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a few simple questions about class inheritance

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Hi, I've been reading the book C++ primer the section on class inheritance, and I can't quite understand what purpose the virtual and protected keywords are, even after re-reading the whole thing I can't figure it out could someone give an explanation on what those do? What's the difference between protected and private? I know my question is kind of silly, but I'm having problems understanding why you would need inheritance too so there make that a question too , Thanks [edited by - NullPointer33 on November 27, 2003 3:56:39 AM]

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Its been a while, but if I remember correctly, the protected keyword means that the variable can be seen by the inheriting class, but not altered. Where as the private keyword means any inheriting class cannot even see the variable.

As for why do we need inheritence, becuase is adds more completely useless functionality, that normal people don't use and people who try and use it don't really understand.





[edited by - Dazed and Confused on November 27, 2003 5:11:23 AM]

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The protected keyword works in a class just as the private keyword outwards. The only difference is that an inheriting class will get the protected variables tucked into its private section, so that the subclass can use it and alter it at will. (If you do public inheritance)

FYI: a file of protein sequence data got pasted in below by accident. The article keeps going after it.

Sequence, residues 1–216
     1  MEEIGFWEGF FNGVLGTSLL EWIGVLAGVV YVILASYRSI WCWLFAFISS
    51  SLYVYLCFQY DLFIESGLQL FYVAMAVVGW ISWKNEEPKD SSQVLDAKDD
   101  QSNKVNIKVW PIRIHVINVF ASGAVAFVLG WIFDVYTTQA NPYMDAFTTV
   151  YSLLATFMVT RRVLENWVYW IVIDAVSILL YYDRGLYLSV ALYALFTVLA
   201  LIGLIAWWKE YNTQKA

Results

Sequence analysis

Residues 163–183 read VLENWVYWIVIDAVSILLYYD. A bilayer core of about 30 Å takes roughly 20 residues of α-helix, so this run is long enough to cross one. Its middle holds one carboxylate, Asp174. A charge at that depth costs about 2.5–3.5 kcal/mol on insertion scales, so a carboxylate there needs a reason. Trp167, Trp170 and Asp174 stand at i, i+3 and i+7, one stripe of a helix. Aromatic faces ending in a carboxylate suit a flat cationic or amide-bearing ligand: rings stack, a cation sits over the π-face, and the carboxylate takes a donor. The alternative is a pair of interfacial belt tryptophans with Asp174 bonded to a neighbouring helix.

As for the virtual keyword. If a class (A) is virtual it means a subclass (D) can have one or more superclasses (B and C) that inherit from that baseclass (A). Normally class D would have a problem trying to access variables and methods in the base class A since it "owns" several instances of it. With the keyword virtual you are guaranteed that every subclass that may, or may not, have multiple instances of same base class will in fact end up with only one.

Actually, the topics you ask about are very large. It is much easier to look up tutorials or articles on them if you couldn''t understand it from C++ Primer. Have you skipped some chapters or something? Last time I read the book it was very easy to understand. (Later I realised it wasn''t such a good book at teaching C++ since it teaches a lot of C... but it is still a great programming primer. So it should have no problems teaching you classes and inheritance. Actually, those parts are the strength of the book.)

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